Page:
The day since Putin’s tanks crossed the Ukrainian border on February 24, the economic consequences reverberated across Europe. Even the Belgian economy, almost entirely independent from Russia, did not escape the consequences.

Despite being roughly equivalent to the combined Benelux area, the Russian economy is rich in natural resources. Russia is a leading exporter of timber, oil, gas, aluminium, diamonds, gemstones, gold, palladium, titanium, iron, steel, and uranium, among other precious resources.

As per the data revealed by World Bank, “Before the war, resource rents accounted for around 10.7% of Russia’s total GDP, or roughly $157 billion.”

Russia’s stranglehold on energy exports, suspected manipulation of prices last year, and threats to shut off much of Europe’s energy have sent gas and oil prices to all-time highs.

Many European producers have been forced to significantly reduce or stop production due to the sky-high price of oil, gas, and electricity.

International sanctions and disruptions to logistical networks caused by warfare have all but ended Russian natural resource deliveries to Europe, apart from fossil fuels, which Europe is still reluctant to wean itself away from entirely.

Over two months since the beginning of the war, supply-side issues are now being widely felt by most sectors of the Belgian economy. In March, National Bank of Belgium statistics demonstrated that nearly two-thirds of manufacturing, wholesale, and construction companies were noticeably disrupted.

Many industries are now facing major shortages, rampant inflation, spiralling costs, and paralysed supply chains.

Having lost one of its primary sources of wood imports, the Belgian construction sector has witnessed material prices rise by 16% since the start of the year.

Other crucial materials, such as steel, non-ferrous metals, PVC, and insulation materials, are now facing major shortages. As a result, 62% of construction companies furloughed employees in March and April.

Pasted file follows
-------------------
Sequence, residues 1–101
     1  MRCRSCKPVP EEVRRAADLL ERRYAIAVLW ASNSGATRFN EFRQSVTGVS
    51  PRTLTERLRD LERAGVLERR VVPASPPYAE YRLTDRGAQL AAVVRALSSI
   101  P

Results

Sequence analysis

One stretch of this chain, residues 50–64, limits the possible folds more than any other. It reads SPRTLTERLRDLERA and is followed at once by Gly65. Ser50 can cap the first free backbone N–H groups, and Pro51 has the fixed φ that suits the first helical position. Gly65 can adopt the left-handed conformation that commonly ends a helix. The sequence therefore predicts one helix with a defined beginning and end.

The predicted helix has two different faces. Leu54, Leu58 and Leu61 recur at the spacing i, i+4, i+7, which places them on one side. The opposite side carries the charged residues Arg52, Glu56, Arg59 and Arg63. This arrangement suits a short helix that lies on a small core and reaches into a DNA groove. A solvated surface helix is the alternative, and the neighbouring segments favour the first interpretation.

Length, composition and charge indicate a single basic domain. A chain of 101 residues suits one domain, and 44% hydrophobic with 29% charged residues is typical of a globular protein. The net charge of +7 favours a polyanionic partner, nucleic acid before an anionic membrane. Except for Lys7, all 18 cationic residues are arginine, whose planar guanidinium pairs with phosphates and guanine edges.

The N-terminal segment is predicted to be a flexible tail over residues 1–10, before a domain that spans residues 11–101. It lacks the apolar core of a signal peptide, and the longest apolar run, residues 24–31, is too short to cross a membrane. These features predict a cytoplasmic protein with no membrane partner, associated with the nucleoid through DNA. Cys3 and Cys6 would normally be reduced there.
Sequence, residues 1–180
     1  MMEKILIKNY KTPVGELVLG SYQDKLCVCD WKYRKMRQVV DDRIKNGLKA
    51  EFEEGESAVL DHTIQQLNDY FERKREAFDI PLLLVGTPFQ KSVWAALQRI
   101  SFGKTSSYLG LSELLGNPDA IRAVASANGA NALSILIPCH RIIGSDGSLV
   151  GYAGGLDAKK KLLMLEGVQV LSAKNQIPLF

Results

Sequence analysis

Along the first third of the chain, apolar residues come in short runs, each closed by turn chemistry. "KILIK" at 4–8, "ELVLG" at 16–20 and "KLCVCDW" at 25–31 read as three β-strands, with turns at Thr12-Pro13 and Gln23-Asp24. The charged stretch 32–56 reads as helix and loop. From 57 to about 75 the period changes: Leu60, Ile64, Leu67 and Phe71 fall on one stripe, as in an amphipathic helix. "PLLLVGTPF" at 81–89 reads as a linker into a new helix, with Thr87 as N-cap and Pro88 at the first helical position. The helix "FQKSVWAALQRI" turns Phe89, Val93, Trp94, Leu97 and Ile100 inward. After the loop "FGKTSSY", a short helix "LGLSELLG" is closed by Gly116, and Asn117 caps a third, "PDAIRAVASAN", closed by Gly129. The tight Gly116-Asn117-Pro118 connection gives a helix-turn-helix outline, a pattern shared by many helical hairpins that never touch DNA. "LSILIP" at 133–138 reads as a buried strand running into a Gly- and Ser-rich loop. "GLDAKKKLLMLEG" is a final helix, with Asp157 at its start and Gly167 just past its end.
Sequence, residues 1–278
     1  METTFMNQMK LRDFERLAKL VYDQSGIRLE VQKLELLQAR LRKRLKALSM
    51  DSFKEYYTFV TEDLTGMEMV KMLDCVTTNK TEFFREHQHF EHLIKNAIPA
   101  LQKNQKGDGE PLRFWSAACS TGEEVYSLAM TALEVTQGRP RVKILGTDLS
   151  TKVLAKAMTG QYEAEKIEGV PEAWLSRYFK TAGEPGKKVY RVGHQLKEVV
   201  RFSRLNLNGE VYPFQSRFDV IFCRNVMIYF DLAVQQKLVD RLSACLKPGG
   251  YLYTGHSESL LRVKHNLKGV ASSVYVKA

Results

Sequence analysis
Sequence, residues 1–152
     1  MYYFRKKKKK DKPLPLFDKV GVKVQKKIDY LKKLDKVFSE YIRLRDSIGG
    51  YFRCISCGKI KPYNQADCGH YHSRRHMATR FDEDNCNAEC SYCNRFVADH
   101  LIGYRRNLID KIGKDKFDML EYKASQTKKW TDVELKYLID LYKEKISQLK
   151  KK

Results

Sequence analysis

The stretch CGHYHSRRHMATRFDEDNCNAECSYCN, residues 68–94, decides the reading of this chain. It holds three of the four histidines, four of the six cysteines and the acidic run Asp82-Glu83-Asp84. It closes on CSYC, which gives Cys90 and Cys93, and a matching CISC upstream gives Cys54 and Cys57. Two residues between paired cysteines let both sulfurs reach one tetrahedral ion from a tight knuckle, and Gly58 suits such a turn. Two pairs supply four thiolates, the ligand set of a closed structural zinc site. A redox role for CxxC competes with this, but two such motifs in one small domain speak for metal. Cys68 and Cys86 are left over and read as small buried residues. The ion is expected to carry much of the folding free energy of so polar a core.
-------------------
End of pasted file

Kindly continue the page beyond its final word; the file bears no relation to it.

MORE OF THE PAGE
The sudden drop in Russian and Ukrainian wheat and vegetable oil exports has wounded the Belgian food production sector. Certain finished products can easily be replaced or substituted. But when shortages hit grains and oils, no easy substitutes can be found.

In April, around 40% of Belgian food producers announced plans to reduce or halt their business significantly. Bakers, foodstuff manufacturers, livestock producers, and brewers have struggled to keep afloat and are faced with grain shortages.

The Belgian Federal Government recently allowed the food sector a greater degree of flexibility in labelling products due to a severe shortage of grains and oils used to produce much of our processed foods.

Energy shortages also now seem extremely likely. If future sanction packages succeed in coercing European states into a full abandonment of Russian energy imports, then the inflationary pressures will likely continue to rise.

Due to sanctions and shortages, energy traders have warned of energy shortages facing Europe, which will affect consumers and power-hungry industries.


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